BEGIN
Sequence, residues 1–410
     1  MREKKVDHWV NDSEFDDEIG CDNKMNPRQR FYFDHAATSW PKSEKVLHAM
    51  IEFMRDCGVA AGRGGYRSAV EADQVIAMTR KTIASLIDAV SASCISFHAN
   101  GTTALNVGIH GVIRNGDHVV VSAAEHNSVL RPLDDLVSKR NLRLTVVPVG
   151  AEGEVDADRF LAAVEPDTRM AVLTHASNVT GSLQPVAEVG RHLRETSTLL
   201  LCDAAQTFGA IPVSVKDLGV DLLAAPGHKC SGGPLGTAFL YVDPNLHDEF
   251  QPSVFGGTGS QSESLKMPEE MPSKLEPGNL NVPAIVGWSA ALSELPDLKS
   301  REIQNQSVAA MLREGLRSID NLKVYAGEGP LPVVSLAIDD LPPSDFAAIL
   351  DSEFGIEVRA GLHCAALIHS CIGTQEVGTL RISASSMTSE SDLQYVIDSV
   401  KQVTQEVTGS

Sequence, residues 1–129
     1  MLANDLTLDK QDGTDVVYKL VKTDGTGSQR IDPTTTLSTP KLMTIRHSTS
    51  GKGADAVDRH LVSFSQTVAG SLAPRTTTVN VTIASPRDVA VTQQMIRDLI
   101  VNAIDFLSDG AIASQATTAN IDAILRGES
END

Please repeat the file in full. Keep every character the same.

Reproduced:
Sequence, residues 1–410
     1  MREKKVDHWV NDSEFDDEIG CDNKMNPRQR FYFDHAATSW PKSEKVLHAM
    51  IEFMRDCGVA AGRGGYRSAV EADQVIAMTR KTIASLIDAV SASCISFHAN
   101  GTTALNVGIH GVIRNGDHVV VSAAEHNSVL RPLDDLVSKR NLRLTVVPVG
   151  AEGEVDADRF LAAVEPDTRM AVLTHASNVT GSLQPVAEVG RHLRETSTLL
   201  LCDAAQTFGA IPVSVKDLGV DLLAAPGHKC SGGPLGTAFL YVDPNLHDEF
   251  QPSVFGGTGS QSESLKMPEE MPSKLEPGNL NVPAIVGWSA ALSELPDLKS
   301  REIQNQSVAA MLREGLRSID NLKVYAGEGP LPVVSLAIDD LPPSDFAAIL
   351  DSEFGIEVRA GLHCAALIHS CIGTQEVGTL RISASSMTSE SDLQYVIDSV
   401  KQVTQEVTGS

Sequence, residues 1–129
     1  MLANDLTLDK QDGTDVVYKL VKTDGTGSQR IDPTTTLSTP KLMTIRHSTS
    51  GKGADAVDRH LVSFSQTVAG SLAPRTTTVN VTIASPRDVA VTQQMIRDLI
   101  VNAIDFLSDG AIASQATTAN IDAILRGES